No truck was able to convince the jury at the 1995 International Truck of the Year Award more than the MAN F2000. This was the range that followed the heavy F90 models in 1994. One striking feature that made the newcomers stand out: MAN was the first commercial vehicle manufacturer to put double headlamps using free-form technology under a single glass cover. The lamps delivered a luminous efficacy that was around 75% greater than that achieved with older versions. The front skirt and exhaust silencer were also revamped. But the tried-and-tested cab from the F90 had hardly been touched. The engines were available with 340, 400 or 460 horsepower and the type designation’s last digit now went up to ‘3’. The F2000 series sounded the death knell for the underfloor engines that had been used until its arrival. The heavy-duty series featured engines with electronic injection control as standard. That meant that the F2000 was already fulfilling the Euro 2 emissions requirements a full two years before they came into effect. The F2000 was available with four cab versions, including one with an innovative high roof.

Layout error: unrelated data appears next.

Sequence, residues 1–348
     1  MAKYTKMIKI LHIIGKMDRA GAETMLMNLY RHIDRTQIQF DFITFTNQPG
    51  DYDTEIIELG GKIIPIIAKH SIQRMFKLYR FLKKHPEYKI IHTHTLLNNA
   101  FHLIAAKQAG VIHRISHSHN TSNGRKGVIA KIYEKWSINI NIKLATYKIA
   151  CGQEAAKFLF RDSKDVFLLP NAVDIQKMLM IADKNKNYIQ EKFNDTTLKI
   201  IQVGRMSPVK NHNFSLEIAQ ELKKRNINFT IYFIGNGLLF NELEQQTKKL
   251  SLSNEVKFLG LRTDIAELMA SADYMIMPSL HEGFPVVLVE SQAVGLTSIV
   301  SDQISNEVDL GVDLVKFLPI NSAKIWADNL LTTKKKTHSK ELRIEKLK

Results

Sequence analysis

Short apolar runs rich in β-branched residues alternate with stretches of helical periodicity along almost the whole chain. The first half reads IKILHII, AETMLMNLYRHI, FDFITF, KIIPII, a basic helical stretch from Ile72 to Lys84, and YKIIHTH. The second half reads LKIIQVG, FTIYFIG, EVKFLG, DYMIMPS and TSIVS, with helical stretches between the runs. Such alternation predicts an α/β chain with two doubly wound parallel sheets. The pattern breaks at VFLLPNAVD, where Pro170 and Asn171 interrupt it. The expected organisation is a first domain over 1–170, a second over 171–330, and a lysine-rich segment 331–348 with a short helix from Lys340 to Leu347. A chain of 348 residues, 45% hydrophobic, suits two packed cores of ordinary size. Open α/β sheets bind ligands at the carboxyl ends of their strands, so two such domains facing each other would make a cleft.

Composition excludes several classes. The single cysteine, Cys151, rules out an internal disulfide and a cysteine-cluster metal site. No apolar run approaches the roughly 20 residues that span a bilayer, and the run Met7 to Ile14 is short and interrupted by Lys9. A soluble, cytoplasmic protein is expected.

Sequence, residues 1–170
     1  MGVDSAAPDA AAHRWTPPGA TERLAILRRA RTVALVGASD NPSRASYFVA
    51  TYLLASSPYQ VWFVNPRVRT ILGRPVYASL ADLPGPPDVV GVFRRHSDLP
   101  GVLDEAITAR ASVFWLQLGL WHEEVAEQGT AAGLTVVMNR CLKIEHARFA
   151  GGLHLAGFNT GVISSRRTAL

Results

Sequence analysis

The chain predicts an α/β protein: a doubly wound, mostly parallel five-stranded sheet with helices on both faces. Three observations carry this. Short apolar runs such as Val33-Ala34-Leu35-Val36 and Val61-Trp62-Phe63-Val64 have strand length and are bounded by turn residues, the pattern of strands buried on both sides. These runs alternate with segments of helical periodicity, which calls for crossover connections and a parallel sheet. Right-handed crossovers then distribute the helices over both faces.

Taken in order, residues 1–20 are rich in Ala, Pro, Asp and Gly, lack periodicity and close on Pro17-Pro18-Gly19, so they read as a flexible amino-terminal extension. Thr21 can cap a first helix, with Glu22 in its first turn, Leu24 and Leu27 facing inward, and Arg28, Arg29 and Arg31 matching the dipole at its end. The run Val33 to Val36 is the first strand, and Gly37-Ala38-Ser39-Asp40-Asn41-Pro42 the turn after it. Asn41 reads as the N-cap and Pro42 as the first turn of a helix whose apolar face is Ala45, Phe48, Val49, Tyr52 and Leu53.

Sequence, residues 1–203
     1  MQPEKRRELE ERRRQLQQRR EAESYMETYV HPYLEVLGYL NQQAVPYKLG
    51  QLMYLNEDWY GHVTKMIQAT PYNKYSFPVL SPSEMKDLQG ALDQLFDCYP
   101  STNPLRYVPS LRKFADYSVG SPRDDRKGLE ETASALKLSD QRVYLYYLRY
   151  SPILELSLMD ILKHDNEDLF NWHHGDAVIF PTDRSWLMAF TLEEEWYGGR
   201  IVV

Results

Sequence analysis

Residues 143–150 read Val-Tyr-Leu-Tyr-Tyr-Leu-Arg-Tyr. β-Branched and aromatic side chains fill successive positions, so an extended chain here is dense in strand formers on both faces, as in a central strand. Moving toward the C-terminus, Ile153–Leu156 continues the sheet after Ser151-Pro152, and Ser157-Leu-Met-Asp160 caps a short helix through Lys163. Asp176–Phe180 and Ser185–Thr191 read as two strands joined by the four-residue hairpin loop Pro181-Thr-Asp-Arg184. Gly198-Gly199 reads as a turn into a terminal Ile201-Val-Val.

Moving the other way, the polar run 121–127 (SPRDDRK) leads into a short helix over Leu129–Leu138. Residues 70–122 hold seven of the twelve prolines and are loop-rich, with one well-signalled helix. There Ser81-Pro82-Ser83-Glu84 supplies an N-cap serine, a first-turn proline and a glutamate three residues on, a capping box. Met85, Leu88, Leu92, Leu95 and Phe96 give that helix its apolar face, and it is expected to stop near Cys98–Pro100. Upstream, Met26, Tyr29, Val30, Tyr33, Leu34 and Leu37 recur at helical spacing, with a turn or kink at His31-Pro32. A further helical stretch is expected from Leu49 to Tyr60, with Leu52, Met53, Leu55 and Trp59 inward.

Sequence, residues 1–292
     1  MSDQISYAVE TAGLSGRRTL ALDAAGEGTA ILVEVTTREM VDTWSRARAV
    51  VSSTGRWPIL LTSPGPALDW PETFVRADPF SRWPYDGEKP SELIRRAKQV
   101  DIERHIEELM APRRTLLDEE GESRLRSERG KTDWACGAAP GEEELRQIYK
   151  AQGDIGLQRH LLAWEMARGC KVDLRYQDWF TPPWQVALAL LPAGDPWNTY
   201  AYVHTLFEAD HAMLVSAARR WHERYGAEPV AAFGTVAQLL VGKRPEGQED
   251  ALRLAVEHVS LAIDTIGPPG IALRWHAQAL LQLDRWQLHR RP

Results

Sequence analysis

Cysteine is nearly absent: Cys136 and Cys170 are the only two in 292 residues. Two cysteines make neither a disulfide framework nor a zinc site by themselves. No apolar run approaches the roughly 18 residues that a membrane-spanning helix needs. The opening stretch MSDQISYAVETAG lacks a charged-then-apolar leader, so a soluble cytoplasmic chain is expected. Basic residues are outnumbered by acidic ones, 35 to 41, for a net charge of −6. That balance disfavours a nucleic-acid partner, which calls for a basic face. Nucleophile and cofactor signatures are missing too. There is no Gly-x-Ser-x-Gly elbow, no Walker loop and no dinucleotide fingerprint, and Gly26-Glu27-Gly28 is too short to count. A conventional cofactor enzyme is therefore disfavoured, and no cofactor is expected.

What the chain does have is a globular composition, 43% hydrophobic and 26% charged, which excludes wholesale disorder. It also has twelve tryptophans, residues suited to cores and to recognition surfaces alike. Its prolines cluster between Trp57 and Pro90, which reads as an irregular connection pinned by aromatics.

Trucknology Generation Type A – or TGA for short – that was the product name that MAN used to launch a new type of heavy-duty truck in 2000 that was again honoured with the accolade in 2001. The TGA was launched with five versions of cab that ranged in size from M to XXL, all of which met high demands on comfort, ergonomics and aerodynamics. The TGA cab most of all, however, set standards with its combination of high-quality workplace and living space. The controls in the cockpit were functionally positioned and placed within intuitive reach for the driver, the intelligent stowage and storage concept in conjunction with the powerful air-conditioning system delivered optimum comfort for the occupants – ergonomically well thought-out and practical. The MAN TGA naturally also featured a pull-out cool box and comfort loungers as well as such telecommunications and entertainment facilities as a radio, television, video and CD player along with telephone, radio or fax, right up to the option for connecting a coffee machine or microwave. The TGA was also associated with the series production of safety and assistance systems, such as LGS, ESP and ACC, as well as telematics services for fleet control.